TheDiabetesCouncil Team consists of certified diabetes educators and registered nurses that compile and research a given topic and publish it as a team. Each team member has at least 15 years of experience in diabetes care and management.
Perfect Overnight Steel Cut Oats
Overnight steel-cut oats made perfect without a slow cooker. Toast the oats first for better flavor, they sit overnight then it’s all about the toppings!
- Prep Time: 8 hrs
- Cook Time: 10 min
- Total Time: 13 minute
- Yield: 4 servings 1 x
- Category: Breakfast
- Method: Stovetop
- Cuisine: American
- 1 cup of Bob’s Red Mill steel cut oats
- 2 Tbsp butter
- 1/2 tsp Kosher salt (or 1/4 tsp table salt)
- 3 cups water
- toppings as desired
- Measure water into a medium sauce pan with a lid and bring to a rapid boil. (I like to use my 2.75 qt dutch oven.)
- Meanwhile, melt butter over medium low heat in the cast iron skillet. Add the steel cut oats and toast until they’re darker in color and fragrant, about 5 minutes.
- When the water has come to a rapid boil, add the steel cut oats and salt and stir. Set the timer for 1 minute and allow the oats to cook.
- When the timer goes off, cover the oats and turn off the stove. Set the oats aside until morning.
- In the morning, reheat the oats until they are the desired temperature and top with desired toppings.
Did you make this recipe?
Leave a comment below and give it a 5-star rating!
In case you missed it:
- Steel cut oats are SUPER nutritious (and less processed than rolled oats).
- I used this brand of steel cut oats, but also found store brands for good prices at ALDI, Walmart, and Kroger. is my favorite size. It’s perfect for cornbread, skillet blondies, and pan-fried sweet potatoes!
How would you top your own bowl of perfect overnight steel cut oats?
Disclosure: This post is sponsored by Bob’s Red Mill. I’ve been using Bob’s Red Mill products in my kitchen for a long time now, and long before this blog was born. As always, I would never recommend anything on Crumbs that I wouldn’t recommend to a close friend or neighbor, and all opinions here are my own.
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This is the classic method that brings water to a boil, stirring in the oats, then reducing heat to a gentle simmer. It takes about 30 minutes for the oats to absorb the water, and become creamy. This is the most involved technique, requiring frequent stirring to ensure even cooking and heat distribution. You can easily scale the recipe up or down, just change the size of your saucepot.
In less than a year I will be 50 and I found out I need to change my eating habits a bit. I, as many of you, love carbs. I mean who doesn’t love a good carb-filled dessert or meal?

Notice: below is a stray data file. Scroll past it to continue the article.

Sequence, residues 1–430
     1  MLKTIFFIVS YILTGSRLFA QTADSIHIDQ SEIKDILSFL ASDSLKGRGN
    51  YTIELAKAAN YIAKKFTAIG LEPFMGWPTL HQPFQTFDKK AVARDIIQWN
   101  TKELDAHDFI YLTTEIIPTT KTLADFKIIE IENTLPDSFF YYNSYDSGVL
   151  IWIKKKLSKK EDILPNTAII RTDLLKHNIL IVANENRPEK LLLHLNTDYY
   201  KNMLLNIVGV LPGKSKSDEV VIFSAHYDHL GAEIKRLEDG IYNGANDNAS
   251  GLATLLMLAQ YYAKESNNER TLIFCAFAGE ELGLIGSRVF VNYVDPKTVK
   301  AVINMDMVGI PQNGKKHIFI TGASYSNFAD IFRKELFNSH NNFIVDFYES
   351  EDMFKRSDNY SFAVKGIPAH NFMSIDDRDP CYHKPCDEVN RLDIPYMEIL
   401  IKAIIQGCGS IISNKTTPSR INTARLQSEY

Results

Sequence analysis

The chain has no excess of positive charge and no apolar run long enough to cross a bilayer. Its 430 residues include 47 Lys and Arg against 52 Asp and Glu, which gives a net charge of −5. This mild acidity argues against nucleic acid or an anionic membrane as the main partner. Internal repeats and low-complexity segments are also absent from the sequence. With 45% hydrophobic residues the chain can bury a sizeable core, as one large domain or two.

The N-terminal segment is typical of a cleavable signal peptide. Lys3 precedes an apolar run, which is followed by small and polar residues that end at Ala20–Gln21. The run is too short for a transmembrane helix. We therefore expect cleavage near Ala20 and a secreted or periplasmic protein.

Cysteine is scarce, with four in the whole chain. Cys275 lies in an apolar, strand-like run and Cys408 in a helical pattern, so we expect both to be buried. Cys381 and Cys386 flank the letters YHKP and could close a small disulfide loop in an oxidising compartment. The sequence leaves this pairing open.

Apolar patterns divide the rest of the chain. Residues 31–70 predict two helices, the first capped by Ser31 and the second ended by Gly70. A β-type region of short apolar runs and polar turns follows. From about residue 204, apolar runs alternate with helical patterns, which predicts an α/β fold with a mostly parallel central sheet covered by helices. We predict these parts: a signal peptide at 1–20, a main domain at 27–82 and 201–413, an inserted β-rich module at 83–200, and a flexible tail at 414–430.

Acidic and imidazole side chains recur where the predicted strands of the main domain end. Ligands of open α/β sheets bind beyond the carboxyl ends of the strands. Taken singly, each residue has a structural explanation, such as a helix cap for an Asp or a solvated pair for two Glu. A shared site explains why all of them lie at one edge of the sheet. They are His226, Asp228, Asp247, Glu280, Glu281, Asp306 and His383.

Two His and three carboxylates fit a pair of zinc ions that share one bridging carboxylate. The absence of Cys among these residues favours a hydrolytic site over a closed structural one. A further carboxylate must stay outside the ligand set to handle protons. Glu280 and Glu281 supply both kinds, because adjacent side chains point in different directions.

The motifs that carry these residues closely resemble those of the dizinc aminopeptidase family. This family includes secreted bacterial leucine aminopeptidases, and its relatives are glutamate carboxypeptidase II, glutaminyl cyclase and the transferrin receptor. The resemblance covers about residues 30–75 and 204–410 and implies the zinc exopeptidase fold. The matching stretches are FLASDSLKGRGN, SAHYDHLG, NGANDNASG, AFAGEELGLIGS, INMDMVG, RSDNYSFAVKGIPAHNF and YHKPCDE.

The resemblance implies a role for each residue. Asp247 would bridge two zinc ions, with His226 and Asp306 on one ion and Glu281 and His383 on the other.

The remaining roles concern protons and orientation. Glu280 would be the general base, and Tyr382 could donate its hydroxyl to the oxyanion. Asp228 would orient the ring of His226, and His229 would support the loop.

The problem I am having is that it doesn’t always like me. I don’t have an intolerance, but my body is having a hard time digesting it. So in my journey of starting to eat clean and cut out my carbs, I am focusing on eating outside of the box, so to speak.
To go right to the recipe, click on the link below!
WHAT IS THE DIFFERENCE BETWEEN STEEL CUT OATS AND ROLLED OATS?
Each type of oats has a very distinctive texture. Even though the real difference is in how much time the oat groat has been processed.
CAN I SUBSTITUTE STEEL CUT OATS FOR ROLLED OATS IN RECIPES?
You can, however, you will need to make adaptations. Did you know that many ancient grains are gluten-free?
Since oats are considered an ancient grain, I thought I’d break down what some of the ancient grains are and what they offer.
What Are Ancient Grains?
Although ancient grains like quinoa and chia seem like a new food fad because of the media, they’ve actually been helping people improve their health for centuries. Ancient grains have remained unaltered and have retained their nutritional value while other food trends have come and gone – in fact, these “heritage grains” date back to more than 8,000 years ago! There are over 15 types of whole grains. Whole grains include the entire kernel of the grain — the endosperm, germ, and bran. Each of these components provides a unique nutrient & health benefit.
Ancient grains are full of protein, antioxidants, healthy fats, vitamins, and minerals. They have preventative properties against stroke, diabetes and heart disease. They can also help curb hunger in a healthy way since they’re great at satiating appetite while providing essential nutrients.